Inland Scribbly Gum
Eucalyptus rossii is a member of the Myrtaceae family. Known as the Inland Scribbly Gum or White Gum, it is an attractive small to medium-sized tree and commonly grows to a height of 15 m. It usually has a solitary trunk that is straight. Eucalyptus rossii is distributed across the New South Wales Tablelands and Western Slopes as well as the Central Coast.
It has a smooth yellowish bark throughout that sheds each year in patches, creating a mottled greyish-white appearance. Older trees tend to shed limbs creating nesting hollows for birds. Its most striking feature is the insect scribbles that are commonly found on the bark. These are created by the burrowing larvae of a small moth Ogmograptis scribula. The moth lays eggs between layers of bark and when the larvae hatch they burrow in the bark. As last season’s bark is shed, a new pattern of distinctive scribbles are revealed, changing the character of the tree from year to year.
There are several other trees that are also found with scribbles, including Eucalyptus haemastoma and Eucalyptus racemosa. E. haemastoma has a small twisted trunk and is mostly found in Sydney. E. racemosa is similar to Eucalyptus rossii however it is distributed along the east coast from Nowra to Bundaberg.
Adult leaves are green to greyish-green and up to 150 mm long. Eucalyptus rossii flowers from December to February and has white flowers in clusters of 5-12. Honey eaters are attracted to the flowers. The flowers form capsules or gum nuts that are hemispherical and less than one centimetre in diameter.
It grows in areas of moderate temperature and rainfall of 600-1000mm per year. It prefers well drained soils, which is why it is usually found growing on slopes. It will tolerate frost and is a good landscape tree that will grow well in stands.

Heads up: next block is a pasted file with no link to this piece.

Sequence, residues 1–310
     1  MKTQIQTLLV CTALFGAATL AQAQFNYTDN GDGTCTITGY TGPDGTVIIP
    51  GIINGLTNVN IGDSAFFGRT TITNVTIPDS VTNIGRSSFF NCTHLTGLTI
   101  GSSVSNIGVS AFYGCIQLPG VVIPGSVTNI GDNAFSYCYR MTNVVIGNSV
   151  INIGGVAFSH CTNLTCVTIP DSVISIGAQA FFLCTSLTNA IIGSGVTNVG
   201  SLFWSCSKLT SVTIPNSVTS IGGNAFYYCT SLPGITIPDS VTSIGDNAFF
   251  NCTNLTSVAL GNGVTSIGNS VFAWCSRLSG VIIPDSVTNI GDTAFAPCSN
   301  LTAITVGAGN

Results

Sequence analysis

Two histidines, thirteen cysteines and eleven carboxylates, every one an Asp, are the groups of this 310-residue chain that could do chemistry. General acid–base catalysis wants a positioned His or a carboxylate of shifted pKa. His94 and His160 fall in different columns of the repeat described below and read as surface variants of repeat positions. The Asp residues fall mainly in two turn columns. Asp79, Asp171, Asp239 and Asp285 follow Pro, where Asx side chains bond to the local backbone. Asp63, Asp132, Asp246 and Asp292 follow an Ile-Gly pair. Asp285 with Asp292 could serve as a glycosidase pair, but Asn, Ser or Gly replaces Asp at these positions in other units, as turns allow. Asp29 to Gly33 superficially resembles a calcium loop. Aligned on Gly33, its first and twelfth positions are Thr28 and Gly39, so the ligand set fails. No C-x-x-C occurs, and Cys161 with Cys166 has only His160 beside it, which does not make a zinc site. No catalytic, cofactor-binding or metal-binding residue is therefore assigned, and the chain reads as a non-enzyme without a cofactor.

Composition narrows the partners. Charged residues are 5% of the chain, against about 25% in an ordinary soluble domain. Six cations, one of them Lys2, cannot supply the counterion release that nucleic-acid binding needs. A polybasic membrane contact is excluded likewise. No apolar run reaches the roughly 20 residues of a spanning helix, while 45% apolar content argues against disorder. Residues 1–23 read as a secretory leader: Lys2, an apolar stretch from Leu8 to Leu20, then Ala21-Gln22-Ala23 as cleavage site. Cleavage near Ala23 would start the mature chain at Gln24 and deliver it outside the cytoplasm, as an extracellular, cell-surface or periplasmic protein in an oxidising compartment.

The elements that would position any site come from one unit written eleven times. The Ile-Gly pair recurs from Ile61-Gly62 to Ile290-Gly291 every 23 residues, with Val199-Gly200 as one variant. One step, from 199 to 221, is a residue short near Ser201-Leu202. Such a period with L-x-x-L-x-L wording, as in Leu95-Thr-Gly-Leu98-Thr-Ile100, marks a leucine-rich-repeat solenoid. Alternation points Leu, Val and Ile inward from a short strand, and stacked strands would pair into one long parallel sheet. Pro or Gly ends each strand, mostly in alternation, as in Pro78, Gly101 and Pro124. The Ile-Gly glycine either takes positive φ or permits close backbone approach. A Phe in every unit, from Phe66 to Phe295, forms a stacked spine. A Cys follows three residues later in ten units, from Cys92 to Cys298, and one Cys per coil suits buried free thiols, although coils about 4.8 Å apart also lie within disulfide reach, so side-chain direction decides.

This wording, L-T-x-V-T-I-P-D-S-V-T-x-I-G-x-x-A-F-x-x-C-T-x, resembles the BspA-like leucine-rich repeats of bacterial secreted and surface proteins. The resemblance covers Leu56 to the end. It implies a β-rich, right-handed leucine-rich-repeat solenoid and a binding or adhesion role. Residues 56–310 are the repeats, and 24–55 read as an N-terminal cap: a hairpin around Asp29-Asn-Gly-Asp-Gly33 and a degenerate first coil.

Propagation of Eucalyptus rossii is by seed and there is no dormancy period. The seed will take five to twenty eight days to germinate at 25 degrees Celsius.
Eucalyptus rossii is widely cultivated, particularly in the ACT. It would make a good feature tree on a larger block, providing good shade. However, the timber is light and brittle. All eucalypts have an efficient method for shedding limbs, as described by Jacobs (1955). For this reason, larger species such as E. rossii should not be planted so that they will overhang dwellings. Eucalyptus rossii is a very hardy and durable tree that is indigenous to the Canberra region and once established requires little maintenance.
Text by Patrick Mickan (2011 Student Botanical Intern)
Name Meaning: Eucalyptus rossii
Eucalyptus – from the Greek words eu meaning ‘well’ and calyptos meaning ‘veiled or covered’.
rossii – honours science teacher William John Clunies Ross (1850- 1914) who provided specimens for Baker and Smith who described the species.
Australian National Botanical Gardens (2007) Scribbly Gum Moth. Available at http://www.anbg.gov.au/anbg/insects/ogmograptis.html [Viewed May 2011].
Brooker, M.I.H. & Kleinig, D.A. (1999) Field guide to Eucalypts Volume 1: south-eastern Australia, 2nd edition, Bloomings Books, Hawthorn Vic.
Diversity Native Seeds (2008) Eucalyptus rossii. Inland scribbly gum. Available at http://diversitynativeseeds.com.au/main/page_information_species_profiles_eucalyptus_rossii.html [viewed May 2011].
Holliday, I. & Watton, G. (2002) Gardener’s Companion to Eucalypts, 4th edition, Reed New Holland
Hill, K. (2011) Eucalyptus rossii R.T.Baker & H.G.Sm., in PlantNET - The Plant Information Network System of The Royal Botanic Gardens and Domain Trust, Sydney, Australia (version 2.0). Available at http://plantnet.rbgsyd.nsw.gov.au.
Jacobs, M.R. (1955), Growth habits of the eucalypts. Timber and Forestry Bureau, Canberra.
Taylor , D. (2011) Horticulturist, Australian National Botanic Gardens. Pers. comm.Wrigley, J.W. & Fagg, M. (2010) Eucalypts: a celebration, Allen & Unwin, Crows Nest.